State shutdown may not be so bad

State employees should be receiving notices of potential layoffs in the coming days, if they haven’t already received them.

The notices were sent out Monday, just in case the Legislature is not able to come to a budget agreement by the time the current budget expires June 30.

While state officials are making it out to be a very big deal, I’m not so sure shutting down state operations for a bit would be a bad thing here in Okanogan County.

Maybe it’s just my perception, but government agencies continuing to operate “business as usual” leads to more regulations, less freedoms and more fines, penalties and enforcement actions of laws generally designed to improve the lifestyles of the rich and famous living west of the Cascade Mountains.

Look at it this way — the state needed money to run its parks program, so it created the Discover Pass.

The pass is required to access state parks and other public lands. Some of those lands amount to little more than a rest area, like the development at Beebe Bridge.

The end result has been reduced tourism here and reduced use of state lands, which in turn has lead to reduced revenues.

Then there was the state Department of Transportation’s plan to develop a roundabout on U.S. Highway 97 at the Okanogan exit.

Hello... how much money, time and effort were wasted by state employees trying to force their will on area residents who were never interested in a roundabout? Extend that effort around the state and you have a lot of waste.

Then there are state agencies created to hand out grants for nearly any kind of project fitting their political agenda.

The state collects money from you and I, then hires employees to count the money, ask for projects and return it to us for use in programs they see fit. Why not shut down those granting agencies and allow us to decide how best to spend money locally?

But it’s not just pet projects state officials squander our money on, it’s our resources.

State agencies have hampered our natural resource-based industries, and therefore, our communities.

For example, state regulations make it more difficult to cut, transport and sell timber. Yet, we need those regulations eased so our mills can restart and give the area a much needed economic boost.

Then there’s the state Department of Ecology, literally selling us down the river.

How so? 

The state’s water bank system is robbing us of the water we need to irrigate our ranches and crops, grow our population and improve amenities that would help sustain business growth and the economy.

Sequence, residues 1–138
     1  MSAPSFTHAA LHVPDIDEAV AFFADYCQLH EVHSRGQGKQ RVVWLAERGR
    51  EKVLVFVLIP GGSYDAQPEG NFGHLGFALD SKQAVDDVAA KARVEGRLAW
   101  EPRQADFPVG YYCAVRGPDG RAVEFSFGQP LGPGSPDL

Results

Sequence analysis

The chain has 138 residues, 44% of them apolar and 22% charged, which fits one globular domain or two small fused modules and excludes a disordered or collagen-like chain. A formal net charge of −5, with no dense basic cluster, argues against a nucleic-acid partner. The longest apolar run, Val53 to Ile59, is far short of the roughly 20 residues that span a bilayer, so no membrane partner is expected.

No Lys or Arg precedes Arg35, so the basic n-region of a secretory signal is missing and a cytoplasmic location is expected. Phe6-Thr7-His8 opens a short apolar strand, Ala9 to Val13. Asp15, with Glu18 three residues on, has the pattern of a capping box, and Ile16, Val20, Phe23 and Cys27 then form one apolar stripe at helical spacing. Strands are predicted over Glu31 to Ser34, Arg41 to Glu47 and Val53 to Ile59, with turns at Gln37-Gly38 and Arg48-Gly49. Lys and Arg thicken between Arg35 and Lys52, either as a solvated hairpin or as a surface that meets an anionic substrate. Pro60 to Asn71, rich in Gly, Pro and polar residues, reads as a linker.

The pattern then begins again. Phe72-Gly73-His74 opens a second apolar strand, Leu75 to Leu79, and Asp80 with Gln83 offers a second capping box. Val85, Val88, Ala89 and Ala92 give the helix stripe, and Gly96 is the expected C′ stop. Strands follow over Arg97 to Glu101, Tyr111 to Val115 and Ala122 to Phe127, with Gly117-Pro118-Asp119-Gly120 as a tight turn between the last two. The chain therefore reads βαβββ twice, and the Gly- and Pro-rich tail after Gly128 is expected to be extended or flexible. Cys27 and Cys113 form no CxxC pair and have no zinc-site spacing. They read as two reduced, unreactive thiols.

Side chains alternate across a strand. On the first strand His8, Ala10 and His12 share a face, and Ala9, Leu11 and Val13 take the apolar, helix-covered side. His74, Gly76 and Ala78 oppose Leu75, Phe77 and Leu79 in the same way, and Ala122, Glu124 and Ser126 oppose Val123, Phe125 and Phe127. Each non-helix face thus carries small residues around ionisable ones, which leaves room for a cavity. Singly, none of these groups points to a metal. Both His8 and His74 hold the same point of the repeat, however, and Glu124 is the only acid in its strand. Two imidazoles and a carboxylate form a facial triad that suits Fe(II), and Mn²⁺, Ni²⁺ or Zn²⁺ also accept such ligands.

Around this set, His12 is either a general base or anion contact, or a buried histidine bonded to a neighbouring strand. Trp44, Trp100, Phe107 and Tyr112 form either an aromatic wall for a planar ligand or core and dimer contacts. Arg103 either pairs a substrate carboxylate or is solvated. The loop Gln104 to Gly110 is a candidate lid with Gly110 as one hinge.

Once water is in the “bank,” the water right is often handed off to groups claiming the water is needed for salmon and other critters downriver.

And what about the state’s early learning department?

That agency has come up with so many regulations and requirements that it’s nearly impossible to find good, affordable day care any more.

I guess what I’m saying is that shutting down a few state agencies and forcing employees and managers to re-evealuate the way they are spending taxpayer dollars isn’t such a bad thing.

Maybe a short government shutdown would open public employees’ eyes a bit, giving them a taste of the economic issues the rest of us have been facing for several years.

In the private sector, there is no guarantee of an annual pay raise. There is no guarantee of a job tomorrow.

For the first time in quite a while, some state employees will now know what it’s like not to have those guarantees.

Unfortunately, the 26,000 state employees getting those potential layoff notices aren’t generally in the regulatory side of government.

Gov. Jay Inslee’s office is threatening to shut down parks, end child care assistance and slash medical services.

That’s a shame.

Inslee has a chance here to reshape the state’s business-as-usual attitude by reducing the pencil-pushing staff of each state agency, instead of trying to make the public feel the budget pain.

But if that is necessary to get to a cut in the regulatory side of our government, I can get along without some state agencies and programs for a while.

So again, I’m not convinced shutting down state government for a short time is a bad thing.

Roger Harnack is the editor and publisher of The Chronicle. He can be reached at 509-826-1110 or via email at


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